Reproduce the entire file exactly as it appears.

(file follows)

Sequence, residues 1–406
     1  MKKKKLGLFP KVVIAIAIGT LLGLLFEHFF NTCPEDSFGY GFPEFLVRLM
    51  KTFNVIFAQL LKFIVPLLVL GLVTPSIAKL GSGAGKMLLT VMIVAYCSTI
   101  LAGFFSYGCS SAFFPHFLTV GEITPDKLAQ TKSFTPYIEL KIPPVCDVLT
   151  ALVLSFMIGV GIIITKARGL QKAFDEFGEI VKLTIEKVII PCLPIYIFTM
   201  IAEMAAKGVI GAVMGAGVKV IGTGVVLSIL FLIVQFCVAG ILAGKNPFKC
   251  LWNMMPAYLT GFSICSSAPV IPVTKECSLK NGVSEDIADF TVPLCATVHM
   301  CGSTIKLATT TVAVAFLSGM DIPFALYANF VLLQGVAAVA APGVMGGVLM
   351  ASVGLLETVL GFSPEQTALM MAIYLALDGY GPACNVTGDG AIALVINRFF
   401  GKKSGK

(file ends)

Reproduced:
Sequence, residues 1–406
     1  MKKKKLGLFP KVVIAIAIGT LLGLLFEHFF NTCPEDSFGY GFPEFLVRLM
    51  KTFNVIFAQL LKFIVPLLVL GLVTPSIAKL GSGAGKMLLT VMIVAYCSTI
   101  LAGFFSYGCS SAFFPHFLTV GEITPDKLAQ TKSFTPYIEL KIPPVCDVLT
   151  ALVLSFMIGV GIIITKARGL QKAFDEFGEI VKLTIEKVII PCLPIYIFTM
   201  IAEMAAKGVI GAVMGAGVKV IGTGVVLSIL FLIVQFCVAG ILAGKNPFKC
   251  LWNMMPAYLT GFSICSSAPV IPVTKECSLK NGVSEDIADF TVPLCATVHM
   301  CGSTIKLATT TVAVAFLSGM DIPFALYANF VLLQGVAAVA APGVMGGVLM
   351  ASVGLLETVL GFSPEQTALM MAIYLALDGY GPACNVTGDG AIALVINRFF
   401  GKKSGK